Understanding Gestational Diabetes
Content by: Erin Nugent, RD
Gestational Diabetes (GDM) often shows up in the second or third trimester. GDM should not be considered a result of unhealthy behaviors. It is caused by the body’s inability to use insulin effectively. As the body changes during pregnancy, it can change the way a pregnant woman’s body responds to insulin. It is estimated that 2-10% of all pregnancies are affected by GDM.
Gestational diabetes does not typically have signs or symptoms. This is why most doctors recommend a glucose test around 24 weeks of pregnancy. Testing positive for GDM can increase the risk for large birth weight in the baby, and high blood pressure for the pregnant woman.
If diagnosed with GDM, it is important to continue attending all doctor appointments so that they can accurately monitor your glucose levels as well as baby’s growth. GDM can typically be treated through diet and exercise; however, always follow doctor recommendations for medication if necessary.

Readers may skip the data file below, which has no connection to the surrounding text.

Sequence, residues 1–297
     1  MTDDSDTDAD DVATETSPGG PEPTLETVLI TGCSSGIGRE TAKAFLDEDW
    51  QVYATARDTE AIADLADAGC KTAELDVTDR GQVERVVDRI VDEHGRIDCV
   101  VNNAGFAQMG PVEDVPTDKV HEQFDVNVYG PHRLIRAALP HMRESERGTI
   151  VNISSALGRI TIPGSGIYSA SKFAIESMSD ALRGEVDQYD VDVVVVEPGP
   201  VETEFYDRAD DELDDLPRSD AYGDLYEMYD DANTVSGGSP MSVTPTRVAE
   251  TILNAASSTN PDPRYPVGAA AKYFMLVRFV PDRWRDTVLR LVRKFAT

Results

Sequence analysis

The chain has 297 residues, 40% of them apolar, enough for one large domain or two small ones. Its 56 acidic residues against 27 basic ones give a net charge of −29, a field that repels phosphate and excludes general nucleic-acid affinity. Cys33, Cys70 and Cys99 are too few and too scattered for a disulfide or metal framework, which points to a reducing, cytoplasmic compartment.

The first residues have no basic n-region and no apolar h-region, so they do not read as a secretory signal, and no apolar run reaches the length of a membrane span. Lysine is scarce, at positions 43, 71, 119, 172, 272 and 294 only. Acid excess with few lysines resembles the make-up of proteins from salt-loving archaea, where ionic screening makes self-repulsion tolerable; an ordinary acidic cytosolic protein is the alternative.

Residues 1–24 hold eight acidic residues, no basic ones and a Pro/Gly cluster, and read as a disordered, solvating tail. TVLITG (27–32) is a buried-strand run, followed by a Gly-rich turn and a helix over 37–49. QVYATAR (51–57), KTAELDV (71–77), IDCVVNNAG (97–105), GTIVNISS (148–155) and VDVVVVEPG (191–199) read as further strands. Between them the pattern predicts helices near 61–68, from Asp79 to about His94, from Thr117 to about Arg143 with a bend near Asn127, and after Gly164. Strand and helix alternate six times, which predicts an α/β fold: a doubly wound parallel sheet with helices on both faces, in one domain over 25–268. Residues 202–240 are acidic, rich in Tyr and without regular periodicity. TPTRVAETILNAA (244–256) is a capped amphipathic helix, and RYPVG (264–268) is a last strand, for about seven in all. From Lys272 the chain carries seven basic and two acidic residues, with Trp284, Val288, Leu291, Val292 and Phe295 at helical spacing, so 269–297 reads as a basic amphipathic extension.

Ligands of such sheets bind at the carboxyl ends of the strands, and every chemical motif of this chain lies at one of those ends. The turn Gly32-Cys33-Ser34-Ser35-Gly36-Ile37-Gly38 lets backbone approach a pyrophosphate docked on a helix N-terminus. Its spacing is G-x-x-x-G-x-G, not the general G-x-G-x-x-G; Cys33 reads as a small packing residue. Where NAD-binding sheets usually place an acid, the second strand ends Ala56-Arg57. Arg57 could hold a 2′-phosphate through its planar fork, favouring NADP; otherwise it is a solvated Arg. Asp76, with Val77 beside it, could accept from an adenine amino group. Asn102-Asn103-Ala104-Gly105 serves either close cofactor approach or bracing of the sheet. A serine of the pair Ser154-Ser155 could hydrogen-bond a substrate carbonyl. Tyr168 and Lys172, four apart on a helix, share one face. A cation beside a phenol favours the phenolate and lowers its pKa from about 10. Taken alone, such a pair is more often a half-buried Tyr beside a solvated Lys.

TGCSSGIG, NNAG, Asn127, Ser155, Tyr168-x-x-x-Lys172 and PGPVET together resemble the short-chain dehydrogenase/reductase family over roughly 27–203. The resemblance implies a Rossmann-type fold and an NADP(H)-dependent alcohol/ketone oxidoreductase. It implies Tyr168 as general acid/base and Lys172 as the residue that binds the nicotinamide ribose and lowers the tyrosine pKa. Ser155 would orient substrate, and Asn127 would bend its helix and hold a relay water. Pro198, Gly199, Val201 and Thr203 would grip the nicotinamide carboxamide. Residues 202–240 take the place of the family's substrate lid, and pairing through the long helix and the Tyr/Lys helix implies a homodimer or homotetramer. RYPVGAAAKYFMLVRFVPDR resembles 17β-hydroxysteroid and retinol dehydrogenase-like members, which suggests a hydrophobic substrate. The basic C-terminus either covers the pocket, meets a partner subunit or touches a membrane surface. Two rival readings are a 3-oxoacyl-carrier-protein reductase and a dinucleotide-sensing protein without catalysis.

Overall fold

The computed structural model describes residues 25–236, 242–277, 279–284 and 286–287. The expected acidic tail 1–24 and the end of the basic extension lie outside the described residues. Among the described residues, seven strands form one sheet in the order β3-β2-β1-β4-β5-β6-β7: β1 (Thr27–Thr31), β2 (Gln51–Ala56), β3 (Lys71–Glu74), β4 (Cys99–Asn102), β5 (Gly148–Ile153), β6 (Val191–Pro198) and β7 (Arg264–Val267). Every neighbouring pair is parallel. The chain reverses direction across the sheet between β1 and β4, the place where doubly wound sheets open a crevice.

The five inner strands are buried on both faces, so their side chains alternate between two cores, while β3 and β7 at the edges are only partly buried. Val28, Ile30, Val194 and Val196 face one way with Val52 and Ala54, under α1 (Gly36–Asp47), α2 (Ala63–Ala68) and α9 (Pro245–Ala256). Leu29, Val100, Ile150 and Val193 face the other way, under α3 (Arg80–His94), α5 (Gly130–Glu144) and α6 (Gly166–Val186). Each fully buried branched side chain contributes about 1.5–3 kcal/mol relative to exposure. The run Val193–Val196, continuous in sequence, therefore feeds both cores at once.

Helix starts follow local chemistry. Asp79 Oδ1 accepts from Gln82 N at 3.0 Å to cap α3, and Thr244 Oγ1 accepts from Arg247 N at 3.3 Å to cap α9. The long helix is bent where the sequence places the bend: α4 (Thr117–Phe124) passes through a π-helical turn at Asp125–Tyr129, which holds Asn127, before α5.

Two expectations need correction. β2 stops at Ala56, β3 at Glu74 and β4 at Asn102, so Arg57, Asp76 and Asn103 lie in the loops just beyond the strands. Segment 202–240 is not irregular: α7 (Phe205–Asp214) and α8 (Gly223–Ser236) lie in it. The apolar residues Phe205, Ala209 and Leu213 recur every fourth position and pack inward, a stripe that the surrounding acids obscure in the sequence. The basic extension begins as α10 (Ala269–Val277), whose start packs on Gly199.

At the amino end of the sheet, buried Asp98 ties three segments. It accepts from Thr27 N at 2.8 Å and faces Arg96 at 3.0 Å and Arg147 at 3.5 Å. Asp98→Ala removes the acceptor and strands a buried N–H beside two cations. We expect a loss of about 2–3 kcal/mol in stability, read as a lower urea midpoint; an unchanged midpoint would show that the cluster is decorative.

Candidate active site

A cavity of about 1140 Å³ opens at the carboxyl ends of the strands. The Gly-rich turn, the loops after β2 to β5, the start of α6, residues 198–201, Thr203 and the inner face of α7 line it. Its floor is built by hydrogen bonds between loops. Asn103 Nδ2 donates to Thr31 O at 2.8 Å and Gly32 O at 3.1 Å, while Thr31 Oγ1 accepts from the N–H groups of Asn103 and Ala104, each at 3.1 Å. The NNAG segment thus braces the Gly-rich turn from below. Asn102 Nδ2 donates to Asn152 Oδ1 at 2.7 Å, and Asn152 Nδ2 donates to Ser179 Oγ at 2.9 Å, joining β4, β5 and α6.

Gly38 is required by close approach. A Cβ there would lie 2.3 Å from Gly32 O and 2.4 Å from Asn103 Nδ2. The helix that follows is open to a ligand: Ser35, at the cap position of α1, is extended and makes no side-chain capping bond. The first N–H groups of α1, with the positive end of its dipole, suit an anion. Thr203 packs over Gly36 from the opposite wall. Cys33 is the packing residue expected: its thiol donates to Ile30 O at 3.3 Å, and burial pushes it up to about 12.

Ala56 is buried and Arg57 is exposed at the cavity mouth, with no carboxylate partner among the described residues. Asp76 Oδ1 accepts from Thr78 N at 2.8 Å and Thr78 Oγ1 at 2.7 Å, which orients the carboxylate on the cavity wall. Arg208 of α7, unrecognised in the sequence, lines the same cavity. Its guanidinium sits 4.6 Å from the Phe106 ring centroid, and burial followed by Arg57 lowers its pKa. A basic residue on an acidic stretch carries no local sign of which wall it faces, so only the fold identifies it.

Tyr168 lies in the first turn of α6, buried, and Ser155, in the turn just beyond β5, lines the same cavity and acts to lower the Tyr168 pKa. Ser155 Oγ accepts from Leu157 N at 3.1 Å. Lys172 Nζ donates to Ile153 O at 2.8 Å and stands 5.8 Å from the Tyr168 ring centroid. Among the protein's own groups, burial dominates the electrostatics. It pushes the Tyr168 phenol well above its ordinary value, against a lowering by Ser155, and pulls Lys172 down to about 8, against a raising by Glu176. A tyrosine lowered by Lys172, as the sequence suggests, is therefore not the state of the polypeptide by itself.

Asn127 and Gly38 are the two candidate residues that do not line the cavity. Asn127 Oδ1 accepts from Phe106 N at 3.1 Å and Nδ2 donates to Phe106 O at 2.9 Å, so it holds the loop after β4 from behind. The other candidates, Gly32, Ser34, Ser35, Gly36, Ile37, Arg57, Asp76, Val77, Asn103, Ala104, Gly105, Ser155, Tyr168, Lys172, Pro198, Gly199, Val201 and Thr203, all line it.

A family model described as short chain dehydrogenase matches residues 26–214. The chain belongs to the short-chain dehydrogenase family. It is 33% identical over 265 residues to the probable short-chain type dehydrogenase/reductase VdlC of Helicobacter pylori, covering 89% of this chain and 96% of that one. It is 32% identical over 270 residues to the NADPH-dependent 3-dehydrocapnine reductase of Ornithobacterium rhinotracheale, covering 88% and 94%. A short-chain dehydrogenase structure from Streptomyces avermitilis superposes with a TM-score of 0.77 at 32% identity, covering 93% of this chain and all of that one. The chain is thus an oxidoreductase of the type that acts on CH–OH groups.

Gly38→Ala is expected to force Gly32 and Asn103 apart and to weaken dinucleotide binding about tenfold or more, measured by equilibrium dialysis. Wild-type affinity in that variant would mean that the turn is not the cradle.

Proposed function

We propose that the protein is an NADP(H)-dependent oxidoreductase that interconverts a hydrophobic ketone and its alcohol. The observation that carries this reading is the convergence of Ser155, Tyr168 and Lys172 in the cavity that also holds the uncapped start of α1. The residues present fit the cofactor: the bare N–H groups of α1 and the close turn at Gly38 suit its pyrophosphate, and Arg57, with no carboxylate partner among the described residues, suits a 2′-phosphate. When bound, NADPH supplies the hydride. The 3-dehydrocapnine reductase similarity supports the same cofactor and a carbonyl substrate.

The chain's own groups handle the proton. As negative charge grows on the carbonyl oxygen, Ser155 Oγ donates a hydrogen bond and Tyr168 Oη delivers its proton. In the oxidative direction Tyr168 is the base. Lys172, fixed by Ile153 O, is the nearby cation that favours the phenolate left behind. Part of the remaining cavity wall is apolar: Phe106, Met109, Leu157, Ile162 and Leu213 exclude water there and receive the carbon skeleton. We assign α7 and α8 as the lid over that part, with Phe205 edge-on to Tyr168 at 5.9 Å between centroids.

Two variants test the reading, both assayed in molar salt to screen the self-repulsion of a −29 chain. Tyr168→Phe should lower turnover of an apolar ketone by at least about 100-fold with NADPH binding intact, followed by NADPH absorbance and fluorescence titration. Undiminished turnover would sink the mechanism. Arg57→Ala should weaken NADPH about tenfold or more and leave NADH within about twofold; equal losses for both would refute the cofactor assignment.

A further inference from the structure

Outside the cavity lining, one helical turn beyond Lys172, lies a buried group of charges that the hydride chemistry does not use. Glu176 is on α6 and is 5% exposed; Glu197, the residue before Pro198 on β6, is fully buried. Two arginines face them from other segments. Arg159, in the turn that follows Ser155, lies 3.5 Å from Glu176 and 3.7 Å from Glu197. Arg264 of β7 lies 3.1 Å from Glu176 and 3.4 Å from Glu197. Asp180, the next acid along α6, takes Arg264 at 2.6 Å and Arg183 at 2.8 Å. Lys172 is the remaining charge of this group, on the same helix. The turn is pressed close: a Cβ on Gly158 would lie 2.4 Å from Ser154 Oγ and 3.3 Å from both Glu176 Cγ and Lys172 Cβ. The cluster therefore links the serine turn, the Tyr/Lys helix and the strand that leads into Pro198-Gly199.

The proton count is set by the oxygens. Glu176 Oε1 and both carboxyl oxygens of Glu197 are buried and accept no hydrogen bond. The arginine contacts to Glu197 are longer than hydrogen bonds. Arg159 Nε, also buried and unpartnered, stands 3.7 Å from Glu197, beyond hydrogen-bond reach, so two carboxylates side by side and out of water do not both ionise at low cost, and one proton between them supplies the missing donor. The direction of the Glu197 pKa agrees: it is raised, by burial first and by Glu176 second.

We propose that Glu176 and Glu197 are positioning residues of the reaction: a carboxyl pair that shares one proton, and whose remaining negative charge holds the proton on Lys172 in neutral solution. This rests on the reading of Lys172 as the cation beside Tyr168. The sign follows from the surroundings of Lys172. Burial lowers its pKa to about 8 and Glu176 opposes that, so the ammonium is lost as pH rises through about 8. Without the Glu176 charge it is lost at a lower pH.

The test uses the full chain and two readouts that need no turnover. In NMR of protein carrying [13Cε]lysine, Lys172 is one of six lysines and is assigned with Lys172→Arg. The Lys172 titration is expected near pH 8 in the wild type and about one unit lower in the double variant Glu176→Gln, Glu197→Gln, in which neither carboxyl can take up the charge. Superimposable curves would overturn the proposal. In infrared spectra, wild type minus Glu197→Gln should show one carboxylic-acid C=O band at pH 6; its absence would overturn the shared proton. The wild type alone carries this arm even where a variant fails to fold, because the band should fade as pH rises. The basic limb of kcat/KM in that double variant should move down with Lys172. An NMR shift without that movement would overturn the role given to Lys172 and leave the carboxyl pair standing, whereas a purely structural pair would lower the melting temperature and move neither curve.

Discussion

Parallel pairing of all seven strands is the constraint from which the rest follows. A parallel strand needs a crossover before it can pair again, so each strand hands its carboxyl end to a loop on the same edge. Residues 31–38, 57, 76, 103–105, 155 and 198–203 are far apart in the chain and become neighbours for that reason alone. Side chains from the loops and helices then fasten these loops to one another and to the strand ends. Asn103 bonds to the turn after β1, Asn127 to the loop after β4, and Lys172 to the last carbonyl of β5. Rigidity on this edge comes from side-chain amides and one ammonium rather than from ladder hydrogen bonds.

NOTE: Talk to a registered dietitian to create a personalized dietary plan for GDM treatment. General recommendations include controlled portion sizes for high carbohydrate foods, and plenty of non starchy vegetables and protein foods. Regular moderate physical activity also helps to increase your body’s sensitivity to insulin. Always check with your doctor to find out what types of exercises are safe for you and your baby.
1. Manage your diet.
2. Exercise regularly.
3. Follow your doctor’s instructions.
Gestational Diabetes (GDM) is a silent condition and requires glucose tests at around 24 weeks of pregnancy. Testing positive for GDM can increase the risk for large birth weight in the baby, and high blood pressure for the pregnant woman.